The special athletes want the moment before they make it.
Before Pedro Alvarez slugged that sensational three-run home run in the 10th inning, before the Pirates walked off with that 8-7 triumph over the Colorado Rockies on a summery Saturday night, before a sellout crowd of 38,147 joined the home team in leaping and cheering one of the great finishes in PNC Park history, before some were expressing hope that this scene might serve as nothing less than a launching point for the franchise ...
"Finally, I think the baseball gods have looked down on us, and said, 'Enough's enough,' " manager John Russell said in a rare show of rich emotion.
Before all that, Alvarez had to stand in the on-deck circle and want the moment.
Pittsburgh has been blessed with several such athletes over the past four decades, and there are many miles to go before this precocious 23-year-old third baseman can be discussed in that category.
Game: Pirates vs. Colorado Rockies, 1:35 p.m., PNC Park.
TV, radio: FSN Pittsburgh, WPGB-FM (104.7).
Pitching: LHP Paul Maholm (7-9, 4.59) vs. RHP Esmil Rogers (1-2, 4.85).
Key matchup: Maholm was tagged with eight runs on 5 1/3 innings July 29 in Denver, including a Carlos Gonzalez home run.
Of note: The only players in franchise history with more leadoff home runs than Andrew McCutchen's five are Barry Bonds (20), Al Martin (10) and Bob Bailey (7).
But make no mistake: He wanted that at-bat.
The Pirates' Joel Hanrahan had given up Ian Stewart's three-run home run in the ninth to turn a three-run lead into a 5-5 tie, and Sean Gallagher allowed Todd Helton's two-run shot in the 10th that put Colorado ahead, 7-5.
But Andrew McCutchen opened the bottom half against the Rockies' closer, Huston Street, with a double off the center-field fence. After two outs, Garrett Jones fouled off three consecutive pitches to work an eight-pitch walk.
"Just looking for something to drive," Jones said. "Never got it."
"A heck of an at-bat by Garrett," Russell said.
And Alvarez, who one night earlier had hit a timely three-run home run exactly when his team needed it, who rose through the minors with a history of delivering when it counts, had plenty of time to think.
"In all honesty, when Garrett's up there having that great at-bat, I'm hoping he gets on," Alvarez said. "I wanted to go up there."
Alvarez fouled off a first-pitch sinker, then saw a changeup headed toward the outside corner but up a little.
"All I said to myself going in there was to wait for a pitch I could drive."
That must have been it, for off it sailed, hooking a few feet inside the right-field foul pole and landing seven rows above the Clemente Wall.
"Incredible," second baseman Neil Walker said.
"Amazing," starter Ross Ohlendorf said. "Just a great moment, for Pedro and for the Pirates."
The other side's view?
"Shocked," Street said. "Just shocked."
Alvarez flicked his bat, fairly floated around the basepaths, swatted third-base coach Tony Beasley on the helmet rather than the standard high-five, tossed his own helmet down the final 90 feet, then leaped into the waiting throng at home plate.
"Running around the bases ... I don't think it could have been any louder," Alvarez said, smiling. "The place would have collapsed if it were."
And his feeling?
"It's pretty unreal. I can only remember one other time in my life hitting a walk-off home run. But, obviously, here, the big leagues, a packed house ... nothing can beat that, except maybe a Game 7 in the World Series."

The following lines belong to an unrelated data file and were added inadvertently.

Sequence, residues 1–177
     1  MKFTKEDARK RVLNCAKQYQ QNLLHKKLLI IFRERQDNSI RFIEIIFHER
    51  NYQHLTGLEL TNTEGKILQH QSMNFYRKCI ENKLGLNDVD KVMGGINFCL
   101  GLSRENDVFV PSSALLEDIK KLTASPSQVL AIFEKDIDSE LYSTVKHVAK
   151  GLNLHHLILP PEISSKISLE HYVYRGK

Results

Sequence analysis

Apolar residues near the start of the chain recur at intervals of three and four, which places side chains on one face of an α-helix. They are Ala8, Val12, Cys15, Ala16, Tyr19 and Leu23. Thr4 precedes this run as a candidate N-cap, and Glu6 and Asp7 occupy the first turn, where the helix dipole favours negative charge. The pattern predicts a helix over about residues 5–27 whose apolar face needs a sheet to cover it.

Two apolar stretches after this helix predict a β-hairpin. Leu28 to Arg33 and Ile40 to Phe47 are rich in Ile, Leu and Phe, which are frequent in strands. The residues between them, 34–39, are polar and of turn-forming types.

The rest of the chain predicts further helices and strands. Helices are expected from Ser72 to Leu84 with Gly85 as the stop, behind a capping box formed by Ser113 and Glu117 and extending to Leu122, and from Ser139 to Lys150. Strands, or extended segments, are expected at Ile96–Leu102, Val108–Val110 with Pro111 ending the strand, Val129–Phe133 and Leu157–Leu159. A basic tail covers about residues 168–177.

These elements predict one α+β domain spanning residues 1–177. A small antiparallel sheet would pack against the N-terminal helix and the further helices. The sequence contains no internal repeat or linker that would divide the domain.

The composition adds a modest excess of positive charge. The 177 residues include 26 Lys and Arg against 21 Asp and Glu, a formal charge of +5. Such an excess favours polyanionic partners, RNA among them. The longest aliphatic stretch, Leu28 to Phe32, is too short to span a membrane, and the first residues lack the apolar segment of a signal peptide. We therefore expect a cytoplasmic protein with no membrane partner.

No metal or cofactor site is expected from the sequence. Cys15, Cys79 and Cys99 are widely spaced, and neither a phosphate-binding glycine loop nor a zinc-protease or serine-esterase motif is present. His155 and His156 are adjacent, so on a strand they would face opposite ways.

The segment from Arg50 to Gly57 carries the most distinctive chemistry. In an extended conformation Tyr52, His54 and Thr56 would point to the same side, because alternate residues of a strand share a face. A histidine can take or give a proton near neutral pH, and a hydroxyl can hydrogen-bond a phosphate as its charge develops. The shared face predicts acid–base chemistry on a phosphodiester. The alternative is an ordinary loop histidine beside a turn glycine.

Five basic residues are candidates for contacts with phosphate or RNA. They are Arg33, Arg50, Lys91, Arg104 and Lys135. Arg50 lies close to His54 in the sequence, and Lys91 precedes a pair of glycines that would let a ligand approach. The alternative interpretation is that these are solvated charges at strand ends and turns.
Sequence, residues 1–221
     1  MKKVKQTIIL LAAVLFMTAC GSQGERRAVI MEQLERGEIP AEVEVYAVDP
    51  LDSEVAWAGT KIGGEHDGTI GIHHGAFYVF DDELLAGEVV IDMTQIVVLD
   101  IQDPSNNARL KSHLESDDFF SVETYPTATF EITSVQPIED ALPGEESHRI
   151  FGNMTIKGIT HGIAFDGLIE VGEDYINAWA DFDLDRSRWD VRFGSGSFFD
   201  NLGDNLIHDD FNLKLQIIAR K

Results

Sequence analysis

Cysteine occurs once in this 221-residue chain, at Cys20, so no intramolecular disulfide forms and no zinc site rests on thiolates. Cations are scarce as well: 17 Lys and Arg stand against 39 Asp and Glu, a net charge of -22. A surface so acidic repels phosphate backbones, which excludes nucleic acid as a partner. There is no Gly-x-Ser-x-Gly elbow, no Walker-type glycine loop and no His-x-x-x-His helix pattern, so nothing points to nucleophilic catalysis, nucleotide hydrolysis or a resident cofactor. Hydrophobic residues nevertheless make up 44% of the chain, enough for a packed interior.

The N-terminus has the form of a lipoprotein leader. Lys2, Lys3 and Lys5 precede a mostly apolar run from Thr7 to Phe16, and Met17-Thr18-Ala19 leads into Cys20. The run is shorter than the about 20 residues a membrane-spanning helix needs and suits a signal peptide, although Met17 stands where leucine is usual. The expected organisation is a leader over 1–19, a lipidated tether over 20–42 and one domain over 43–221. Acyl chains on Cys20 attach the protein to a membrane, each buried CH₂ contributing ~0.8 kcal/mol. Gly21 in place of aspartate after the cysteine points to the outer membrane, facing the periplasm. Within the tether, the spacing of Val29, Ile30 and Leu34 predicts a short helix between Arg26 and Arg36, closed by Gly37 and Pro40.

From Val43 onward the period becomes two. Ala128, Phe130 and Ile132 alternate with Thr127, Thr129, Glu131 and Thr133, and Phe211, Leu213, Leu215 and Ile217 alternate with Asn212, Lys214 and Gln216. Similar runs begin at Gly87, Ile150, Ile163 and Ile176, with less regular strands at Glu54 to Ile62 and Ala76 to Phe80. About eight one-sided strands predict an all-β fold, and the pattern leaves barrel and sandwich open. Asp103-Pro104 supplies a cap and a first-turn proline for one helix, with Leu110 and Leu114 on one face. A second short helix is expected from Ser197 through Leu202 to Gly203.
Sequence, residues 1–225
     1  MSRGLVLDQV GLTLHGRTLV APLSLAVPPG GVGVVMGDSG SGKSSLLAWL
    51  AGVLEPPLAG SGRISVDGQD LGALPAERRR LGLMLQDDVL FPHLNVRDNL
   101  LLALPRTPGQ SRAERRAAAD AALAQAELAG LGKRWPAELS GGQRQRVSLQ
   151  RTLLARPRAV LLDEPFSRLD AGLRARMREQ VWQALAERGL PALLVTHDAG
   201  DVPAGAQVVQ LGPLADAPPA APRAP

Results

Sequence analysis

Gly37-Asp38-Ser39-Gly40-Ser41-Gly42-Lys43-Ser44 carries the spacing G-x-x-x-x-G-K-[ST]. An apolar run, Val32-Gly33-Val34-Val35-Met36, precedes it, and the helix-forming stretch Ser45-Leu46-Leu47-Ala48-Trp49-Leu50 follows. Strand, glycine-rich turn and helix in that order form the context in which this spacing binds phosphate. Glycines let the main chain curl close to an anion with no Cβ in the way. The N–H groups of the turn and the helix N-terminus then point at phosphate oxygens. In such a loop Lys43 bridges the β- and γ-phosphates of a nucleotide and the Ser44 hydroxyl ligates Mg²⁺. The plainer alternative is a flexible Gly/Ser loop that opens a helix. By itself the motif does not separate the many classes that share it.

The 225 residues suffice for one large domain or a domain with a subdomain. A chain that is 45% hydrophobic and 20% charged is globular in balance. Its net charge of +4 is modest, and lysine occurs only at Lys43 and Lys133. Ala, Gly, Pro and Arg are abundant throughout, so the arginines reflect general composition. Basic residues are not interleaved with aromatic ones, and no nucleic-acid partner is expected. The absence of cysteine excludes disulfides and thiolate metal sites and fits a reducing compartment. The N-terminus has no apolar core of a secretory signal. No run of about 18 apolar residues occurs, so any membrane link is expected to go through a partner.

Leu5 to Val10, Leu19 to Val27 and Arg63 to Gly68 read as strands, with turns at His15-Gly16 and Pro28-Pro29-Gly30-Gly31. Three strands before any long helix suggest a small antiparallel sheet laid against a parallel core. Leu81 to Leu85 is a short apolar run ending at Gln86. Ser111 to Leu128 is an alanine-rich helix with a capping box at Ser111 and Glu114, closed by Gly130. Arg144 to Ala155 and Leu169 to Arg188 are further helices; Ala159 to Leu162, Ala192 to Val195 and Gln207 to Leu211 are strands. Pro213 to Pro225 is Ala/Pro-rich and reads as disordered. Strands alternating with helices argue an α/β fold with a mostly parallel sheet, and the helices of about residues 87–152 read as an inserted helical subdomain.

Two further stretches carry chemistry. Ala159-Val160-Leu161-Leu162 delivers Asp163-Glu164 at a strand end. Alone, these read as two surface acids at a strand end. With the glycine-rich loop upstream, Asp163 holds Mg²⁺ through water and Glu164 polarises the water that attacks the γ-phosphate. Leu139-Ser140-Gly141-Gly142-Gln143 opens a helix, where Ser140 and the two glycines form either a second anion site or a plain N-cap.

Best moment of his career?
"I'd have to say so, yeah. So far."
None of that, per those who know Alvarez best, should be construed as anything other than confidence. He invariably carries himself with humility and a team-first mindset, one that might have been best evident Friday night when his three-run home run went for naught in a 6-3 loss, and he could barely speak about it.
"Pedro loves to play, loves to win," Russell said. "And he wants to be on that stage. I say that in a good way. Not in a cocky way. He wants to be that guy. I think Pittsburgh fans are going to see some really special things out of this group, and Pedro's one of them."
Alvarez's line -- 3 for 6, three RBIs -- raised his average to .239, a glaring sign of the growth still ahead, but he has 10 home runs and 29 RBIs.
The finish overshadowed a flurry leading up to it ...
Ohlendorf pitched six-plus strong innings, allowing two runs -- one unearned -- and four hits, while striking out six.
"Definitely one of my best outings," Ohlendorf said.
Chris Snyder's three-run home run in the sixth, one of the highest ever hit off the left-field foul pole, gave Ohlendorf a 3-1 lead. It was Snyder's 11th overall, first since joining the Pirates.
Jones led off the seventh with his team-high 16th home run, a tall arc to center, and a bases-loaded wild pitch in the eighth handed the Pirates a 5-2 lead.
Seemed safe, too, after Evan Meek's scoreless eighth, but Hanrahan was hit hard for a second consecutive night in the ninth: A single, double and Stewart's three-run shot came in a whirlwind seven pitches. The last of those was a down-and-in fastball that Russell described as "right in Stewart's wheelhouse."
Hanrahan, used in pressure situations all season, denied being tired.
"I was looking for a ground ball," he said simply. "That wasn't a ground ball."
"Joel will be fine," Russell said.
Gallagher hung a 2-2 curve for Helton's shot before the Pirates answered.
One other sign of the special athlete, especially as it relates to the team sport, comes in the confidence instilled in those around them. And that came, as Jones recalled, with a thought he had during that long at-bat.
"That guy that's on deck, with what he's shown us already, all the big hits ... I'm not seeing anything to hit, but I'm thinking how he's the guy I want up next," Jones said. "And then, when I'm on first, I had a really good feeling about it. And sure enough ... "